Climate Change Could Force Millions From Homes
"All indicators show we are dealing with a major emerging global problem," said Janos Bogardi, director of the UN University's Institute on the Environment and Human Security in Bonn, Germany.
"Experts estimate that by 2050 some 200 million people will be displaced by environmental problems, a number of people roughly equal to two-thirds of the United States today," the University said in a statement.
Bogardi said present the number of environmental migrants could be between 25 million and 27 million. Unlike political refugees fleeing their country, many seek a new home in their own country.
He said it was important to work out ways of tracking the numbers of people forced to leave their homes for reasons such as repeated crop failures caused by global warming, so that governments and aid groups could work out how to help.
"The main step towards helping is recognition," Bogardi told Reuters.
In the past, many such people would be listed as economic migrants. However economic migrants, for example, were often young men looking for work.
"Environmentally-motivated migration is expected to feature poorer people, more women, children and elderly, from more desperate environmental situations," it said.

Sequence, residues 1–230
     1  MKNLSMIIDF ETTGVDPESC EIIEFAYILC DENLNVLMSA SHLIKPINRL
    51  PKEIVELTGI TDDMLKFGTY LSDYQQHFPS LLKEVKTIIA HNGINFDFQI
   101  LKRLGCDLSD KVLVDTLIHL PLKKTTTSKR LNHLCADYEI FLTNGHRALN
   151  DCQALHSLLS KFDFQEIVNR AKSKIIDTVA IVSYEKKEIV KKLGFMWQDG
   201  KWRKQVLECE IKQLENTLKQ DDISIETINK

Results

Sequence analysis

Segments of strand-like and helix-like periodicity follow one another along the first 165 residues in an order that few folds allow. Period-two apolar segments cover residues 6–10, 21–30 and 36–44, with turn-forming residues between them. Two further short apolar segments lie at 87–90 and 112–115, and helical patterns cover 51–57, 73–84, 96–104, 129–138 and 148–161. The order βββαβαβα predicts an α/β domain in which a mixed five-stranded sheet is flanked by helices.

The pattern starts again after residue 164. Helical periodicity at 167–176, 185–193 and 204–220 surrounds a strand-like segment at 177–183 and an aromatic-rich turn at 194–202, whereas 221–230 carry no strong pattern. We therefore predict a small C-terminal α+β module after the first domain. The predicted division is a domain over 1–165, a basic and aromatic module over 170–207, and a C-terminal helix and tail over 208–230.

Experts from almost 80 countries will meet in Bonn from Oct. 9 to 11 to discuss how to help environmental migrants.
A study of 22 developing countries by Bogardi's institute and several other European research institutes into reasons for migration showed worries that human trafficking networks could gain from damage to the environment.
In Bangladesh, "women with children, whose husbands either died at sea during cyclone Sidr or are away as temporary labour migrants, are easy prey for traffickers and end up in prostitution networks or in forced labour in India", it said.
Similar patterns were found in at least one more national study. "Exploitation of people on the move by smugglers is reported more and more as the flow of informal or illegal migrants swells," it added.
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(Editing by Andrew Dobbie)